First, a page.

Generally speaking, those indicators looking at the timeliness of lodgments are concerned only with the original lodgments, whereas indicators concerned with the content of the lodgments will incorporate any amendments (made up to 31 December).

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    What data source is the MCS statistics ‘number of prior year amended MCS’ derived from?

    The ‘number of prior year amended Member Contribution Statement (MCS)’ for 2016 represents the number of amended MCS lodged for 2015 as at 31 December 2016. The ‘Number of prior year amended MCS’ for 2015 represents the number of amended MCS lodged for 2014 as at 31 December 2015. This statistic is not provided in the Diagnostic Report for 2014 and is shown as ‘Not Assessed’.

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    Why do some formulas refer to the total fund holding on the LMR while others used the number of LMS and USM lodged?

    Generally speaking, the large fund risk differentiation process examines funds’ activity during the relevant financial year.

    From a timeliness perspective, we only look at lodgment of funds’ lost/unclaimed reporting for the period ended 30 June 2016 rather than also considering lodgments for the period ended 31 December 2015, as this was seen to be more consistent with other timeliness indicators.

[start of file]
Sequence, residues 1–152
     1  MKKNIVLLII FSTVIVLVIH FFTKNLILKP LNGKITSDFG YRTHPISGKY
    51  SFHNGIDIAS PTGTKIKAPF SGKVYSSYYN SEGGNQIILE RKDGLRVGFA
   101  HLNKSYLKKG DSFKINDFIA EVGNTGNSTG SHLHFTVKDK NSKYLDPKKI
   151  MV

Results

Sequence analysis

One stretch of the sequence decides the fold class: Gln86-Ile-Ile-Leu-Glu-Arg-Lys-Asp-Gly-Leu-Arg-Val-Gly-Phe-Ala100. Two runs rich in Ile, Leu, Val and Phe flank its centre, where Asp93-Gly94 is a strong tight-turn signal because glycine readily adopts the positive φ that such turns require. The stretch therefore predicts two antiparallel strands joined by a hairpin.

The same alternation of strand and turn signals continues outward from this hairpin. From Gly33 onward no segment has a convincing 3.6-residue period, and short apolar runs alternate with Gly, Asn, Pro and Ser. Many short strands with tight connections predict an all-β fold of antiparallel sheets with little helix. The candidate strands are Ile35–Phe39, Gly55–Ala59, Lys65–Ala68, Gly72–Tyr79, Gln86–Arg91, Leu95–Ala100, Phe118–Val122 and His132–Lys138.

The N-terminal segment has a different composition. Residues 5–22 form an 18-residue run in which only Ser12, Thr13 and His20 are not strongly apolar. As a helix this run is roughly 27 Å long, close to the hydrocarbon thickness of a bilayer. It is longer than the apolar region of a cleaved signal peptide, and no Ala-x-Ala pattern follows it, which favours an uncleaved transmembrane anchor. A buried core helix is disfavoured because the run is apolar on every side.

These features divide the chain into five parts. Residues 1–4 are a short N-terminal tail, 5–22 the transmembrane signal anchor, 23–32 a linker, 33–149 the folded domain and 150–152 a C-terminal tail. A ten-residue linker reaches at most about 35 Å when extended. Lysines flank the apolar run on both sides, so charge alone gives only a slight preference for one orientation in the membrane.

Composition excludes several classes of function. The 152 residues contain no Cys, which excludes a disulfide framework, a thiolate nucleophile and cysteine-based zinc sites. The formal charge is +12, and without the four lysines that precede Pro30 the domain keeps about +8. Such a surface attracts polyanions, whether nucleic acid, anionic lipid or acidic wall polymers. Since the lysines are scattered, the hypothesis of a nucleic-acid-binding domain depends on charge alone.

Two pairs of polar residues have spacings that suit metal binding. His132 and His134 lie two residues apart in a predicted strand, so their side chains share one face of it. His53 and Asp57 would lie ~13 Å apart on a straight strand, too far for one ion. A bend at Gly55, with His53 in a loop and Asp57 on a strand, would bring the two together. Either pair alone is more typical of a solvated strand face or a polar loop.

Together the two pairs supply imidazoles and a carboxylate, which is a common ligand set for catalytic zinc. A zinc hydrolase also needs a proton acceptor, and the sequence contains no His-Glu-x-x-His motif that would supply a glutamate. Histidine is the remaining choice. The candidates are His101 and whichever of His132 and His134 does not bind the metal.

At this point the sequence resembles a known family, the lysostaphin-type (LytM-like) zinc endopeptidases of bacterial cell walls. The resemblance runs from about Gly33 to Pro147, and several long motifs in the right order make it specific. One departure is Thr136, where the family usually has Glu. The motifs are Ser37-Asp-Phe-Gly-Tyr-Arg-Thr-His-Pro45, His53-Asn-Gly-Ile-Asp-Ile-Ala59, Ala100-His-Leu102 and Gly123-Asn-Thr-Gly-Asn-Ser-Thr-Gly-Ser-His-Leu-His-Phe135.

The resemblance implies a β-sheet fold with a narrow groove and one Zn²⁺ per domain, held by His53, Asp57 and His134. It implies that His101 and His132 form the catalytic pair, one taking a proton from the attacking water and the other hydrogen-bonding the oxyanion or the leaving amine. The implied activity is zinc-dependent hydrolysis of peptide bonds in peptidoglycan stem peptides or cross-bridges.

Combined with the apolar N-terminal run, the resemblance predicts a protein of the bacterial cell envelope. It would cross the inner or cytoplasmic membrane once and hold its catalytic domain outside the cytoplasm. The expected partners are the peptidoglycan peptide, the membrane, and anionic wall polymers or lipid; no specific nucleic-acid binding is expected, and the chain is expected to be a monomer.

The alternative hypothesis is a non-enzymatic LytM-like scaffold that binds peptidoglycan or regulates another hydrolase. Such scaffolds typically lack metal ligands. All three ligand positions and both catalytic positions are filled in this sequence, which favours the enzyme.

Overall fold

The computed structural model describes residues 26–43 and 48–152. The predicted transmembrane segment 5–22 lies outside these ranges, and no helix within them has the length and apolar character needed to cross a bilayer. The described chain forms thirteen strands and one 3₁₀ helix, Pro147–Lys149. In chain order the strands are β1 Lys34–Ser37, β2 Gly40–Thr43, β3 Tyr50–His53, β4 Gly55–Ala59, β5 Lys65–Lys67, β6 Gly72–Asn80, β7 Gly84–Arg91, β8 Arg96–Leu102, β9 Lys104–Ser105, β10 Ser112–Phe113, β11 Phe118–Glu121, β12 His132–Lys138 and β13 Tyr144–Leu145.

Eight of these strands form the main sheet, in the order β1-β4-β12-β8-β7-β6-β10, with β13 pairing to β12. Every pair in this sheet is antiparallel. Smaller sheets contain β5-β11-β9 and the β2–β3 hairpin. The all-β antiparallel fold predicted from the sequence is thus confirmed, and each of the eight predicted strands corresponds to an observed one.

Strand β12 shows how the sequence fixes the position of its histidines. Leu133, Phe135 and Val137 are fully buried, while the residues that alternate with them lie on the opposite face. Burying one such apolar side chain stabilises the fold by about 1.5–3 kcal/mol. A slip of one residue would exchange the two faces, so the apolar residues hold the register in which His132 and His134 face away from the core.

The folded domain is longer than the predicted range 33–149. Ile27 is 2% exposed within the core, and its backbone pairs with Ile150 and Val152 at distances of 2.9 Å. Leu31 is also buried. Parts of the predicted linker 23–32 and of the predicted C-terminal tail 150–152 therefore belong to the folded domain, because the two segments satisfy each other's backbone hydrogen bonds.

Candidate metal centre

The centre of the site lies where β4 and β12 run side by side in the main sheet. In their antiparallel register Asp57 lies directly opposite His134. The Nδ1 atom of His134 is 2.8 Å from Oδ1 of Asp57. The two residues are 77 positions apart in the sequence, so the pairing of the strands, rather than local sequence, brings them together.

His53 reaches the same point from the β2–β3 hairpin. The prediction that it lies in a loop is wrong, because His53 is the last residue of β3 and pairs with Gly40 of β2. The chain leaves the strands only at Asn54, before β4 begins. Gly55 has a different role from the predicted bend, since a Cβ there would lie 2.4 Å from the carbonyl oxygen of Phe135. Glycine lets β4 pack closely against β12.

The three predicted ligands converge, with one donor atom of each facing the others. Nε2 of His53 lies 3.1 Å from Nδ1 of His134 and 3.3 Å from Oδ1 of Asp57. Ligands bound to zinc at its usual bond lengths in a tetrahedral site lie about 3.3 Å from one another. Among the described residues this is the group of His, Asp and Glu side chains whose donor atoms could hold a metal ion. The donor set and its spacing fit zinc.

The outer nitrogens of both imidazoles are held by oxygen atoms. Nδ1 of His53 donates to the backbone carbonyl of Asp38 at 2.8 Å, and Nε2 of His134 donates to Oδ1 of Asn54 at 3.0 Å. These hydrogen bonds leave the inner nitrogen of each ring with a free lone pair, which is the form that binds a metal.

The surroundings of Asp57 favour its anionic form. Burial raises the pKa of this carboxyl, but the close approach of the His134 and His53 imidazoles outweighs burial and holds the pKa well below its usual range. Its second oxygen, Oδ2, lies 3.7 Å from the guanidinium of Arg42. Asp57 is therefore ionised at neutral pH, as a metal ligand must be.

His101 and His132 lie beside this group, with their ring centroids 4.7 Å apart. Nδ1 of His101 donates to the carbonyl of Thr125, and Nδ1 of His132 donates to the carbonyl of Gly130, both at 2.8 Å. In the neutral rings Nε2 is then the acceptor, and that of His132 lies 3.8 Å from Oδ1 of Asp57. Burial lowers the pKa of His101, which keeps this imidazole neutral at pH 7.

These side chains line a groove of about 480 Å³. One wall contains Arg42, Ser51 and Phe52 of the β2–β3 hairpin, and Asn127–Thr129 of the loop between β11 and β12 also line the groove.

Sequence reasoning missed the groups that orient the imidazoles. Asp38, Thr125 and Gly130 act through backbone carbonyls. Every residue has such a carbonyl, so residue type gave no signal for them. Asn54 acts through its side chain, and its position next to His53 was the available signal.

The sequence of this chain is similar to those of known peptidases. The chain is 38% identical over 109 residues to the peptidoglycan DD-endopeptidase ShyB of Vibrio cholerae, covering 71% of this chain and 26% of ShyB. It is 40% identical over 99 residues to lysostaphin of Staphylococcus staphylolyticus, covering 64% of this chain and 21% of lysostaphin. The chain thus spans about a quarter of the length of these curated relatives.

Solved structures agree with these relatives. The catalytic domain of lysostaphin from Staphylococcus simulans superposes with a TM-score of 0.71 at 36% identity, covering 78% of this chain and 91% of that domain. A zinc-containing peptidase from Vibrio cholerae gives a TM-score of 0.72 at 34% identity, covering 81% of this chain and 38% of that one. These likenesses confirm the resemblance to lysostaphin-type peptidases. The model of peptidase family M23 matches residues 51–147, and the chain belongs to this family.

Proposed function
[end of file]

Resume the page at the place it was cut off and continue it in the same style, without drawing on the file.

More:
For the other indicators referencing lost member reporting(comparison with open and lost Member Contribution Statements (MCS), members over 65 years of age and accounts under $4,000) we look at the total fund holdings on the Lost Member Register (LMR). This provides us with a more complete and accurate account of funds’ lost member reporting:

    • as funds now lodge an MCS for all accounts, the number of MCSs with an account status of ‘open and lost’ should, in theory, show some alignment with the fund’s current membership based on the lost member register
    • by looking at the total fund holdings on the lost member register we’re not only taking into account the previously ‘lost’ accounts funds have since reported as either found or transferred, but attempting to examine where they have not done so but should have.

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    What is the difference between a lost uncontactable account and a lost inactive account?

    For further information regarding the different types of lost members please refer to the LMR protocol document.

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    What SuperStream statistics are included in this year’s report and how did the ATO calculate the quartiles?

    In 2014, the SuperStream statistics were measured against the 'cross-certification status' on the Fund Validation Register. All funds have now received cross-certification therefore this information will no longer be reported.

    In 2015 and 2016, we included statistics for complying transactions and non-complying transactions.

    Complying transactions are those transactions where the funds have either used channel A or channel B solution to send and receive SuperStream transactions, and non-complying transactions are those that do not conform to the SuperStream Standard.

    Quartiles 1, 2, 3 and 4 are based on the percentage of complying transactions.

    The quartiles divide the set of measurements into four equal parts:

    • 25% are less than the lower quartile (Q4)
    • 50% are less than the median (Q3)
    • 75% are less than the upper quartile (Q2)
    • 25% are above the upper quartile (Q1).

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      Last modified: 21 Apr 2017QC 51864